Named

Coat Me

I’m going to come right out and say it, I MADE A COAT!

This has probably been over a year in planning. I couldn’t find the right fabric for the longest time. I knew I wanted a brocade but everyone I looked at never spoke to me. Thankfully I follow FabScrap on Instagram. Every so often they have these flash sales and advertise some thing they have on their site for sale. That’s when I found the most beautiful brocade. It’s floral and is just a sea of beauty.

I already knew what coat pattern I was going to use. During my first round of #sewmystyle, the coat that was included was the Yona Wrap Coat by Named Patterns. It’s shown as a wrap coat but has an option for 3 buttons. I was going for the buttoned version. I was concerned about the straight sides of the coat. I have a butt and it needs roam to breathe.

I did make a muslin of this coat as is. I was completely right! The coat and my butt did not get along. I decided to flare out the bottom to make more of an A-line style coat. I added 3″ to the bottom of the sides of the front and back pieces. It gives it enough room to make me super happy.

Putting the outside together wasn’t too bad until I got to the collar in front facings. I didn’t really understand the direction very well. The thing about Named is that their instructions do not have a lot of pictures or written instructions. They’re not made for beginners. I sat and pinned for a while until I felt confident to sew it in place.

I changed up the pockets. They are supposed to be patch pockets. That was not classy enough for me. I wanted welt pockets. I’ve done double welts before so a single welt pocket was super easy! They look fab!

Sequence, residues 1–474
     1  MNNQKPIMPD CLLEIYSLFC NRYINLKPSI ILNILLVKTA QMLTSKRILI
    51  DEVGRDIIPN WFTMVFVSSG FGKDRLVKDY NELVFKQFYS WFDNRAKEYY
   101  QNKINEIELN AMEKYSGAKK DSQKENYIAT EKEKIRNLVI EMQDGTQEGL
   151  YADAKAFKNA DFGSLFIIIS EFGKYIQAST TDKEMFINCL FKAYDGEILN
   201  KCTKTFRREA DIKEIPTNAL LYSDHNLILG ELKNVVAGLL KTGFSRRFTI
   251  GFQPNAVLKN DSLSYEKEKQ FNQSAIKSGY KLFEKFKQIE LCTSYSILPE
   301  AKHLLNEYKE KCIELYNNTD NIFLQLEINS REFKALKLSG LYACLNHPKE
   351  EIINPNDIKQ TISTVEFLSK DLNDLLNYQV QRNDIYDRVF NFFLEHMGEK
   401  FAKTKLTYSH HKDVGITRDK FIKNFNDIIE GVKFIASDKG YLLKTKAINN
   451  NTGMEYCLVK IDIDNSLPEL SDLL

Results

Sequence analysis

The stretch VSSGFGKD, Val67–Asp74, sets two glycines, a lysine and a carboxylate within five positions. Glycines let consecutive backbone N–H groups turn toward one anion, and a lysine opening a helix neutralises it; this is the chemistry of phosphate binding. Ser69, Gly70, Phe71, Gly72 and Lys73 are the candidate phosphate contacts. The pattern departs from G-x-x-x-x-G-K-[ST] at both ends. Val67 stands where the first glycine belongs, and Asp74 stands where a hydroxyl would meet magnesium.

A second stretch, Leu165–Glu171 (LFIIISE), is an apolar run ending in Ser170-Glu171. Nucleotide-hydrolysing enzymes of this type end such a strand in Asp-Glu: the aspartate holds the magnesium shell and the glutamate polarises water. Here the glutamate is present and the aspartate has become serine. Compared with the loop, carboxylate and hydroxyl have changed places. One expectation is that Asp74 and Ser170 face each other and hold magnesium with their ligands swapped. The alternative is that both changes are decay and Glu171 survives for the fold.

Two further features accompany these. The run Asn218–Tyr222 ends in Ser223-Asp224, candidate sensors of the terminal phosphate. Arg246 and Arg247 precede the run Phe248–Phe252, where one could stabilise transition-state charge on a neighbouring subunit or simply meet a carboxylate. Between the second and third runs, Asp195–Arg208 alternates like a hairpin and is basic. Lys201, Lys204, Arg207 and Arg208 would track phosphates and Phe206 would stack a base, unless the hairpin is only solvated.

I was in no hurry to complete my coat. Especially since this was my first one. I went to JoAnn’s to check out their linings. Unfortunately they did not a have fun purple that I was shooting for. I did find the type of fabric I wanted. A 100% Rayon that has a bit of slip to it so I can easily get the coat on and off without it wanting to grab my clothes. I searched online and found what I needed! Stone Mountain Fabric had Bemberg lining which is the same stuff as JoAnn’s but with all the color ways!

I decided I wanted to make bound button holes. Never completed them before and didn’t practice! I went ahead, fearlessly, and hacked at my coat. They didn’t turn out perfect but damn am I still happy with them. I knew I wanted metal buttons and they look classy!

I bagged the lining of the jacket. My first time out for that too. It turned out so pretty! Way easier than it looks so I totally recommend it to anyone thinking about completing a coat. Stitching the hole in the lining was the last task before a final pressing.

LOOK AT IT! It’s so springy and happy. The jacket has 3 buttons but I really only use the top button. It makes it easy for the coat to open when I sit and it makes the front flap open to see the pretty lining.

All in the Cards

I can’t stop remaking patterns this year. I’ve made the Toaster Sweater from Sew House 7 three times (one, two, three) and now I’m on my second Saunio Cardigan by Named. Last time I made the pattern, I whined about the shoulder seam being too far down my little bony shoulder. The other annoyance was how far away the sweater sits away from my neck.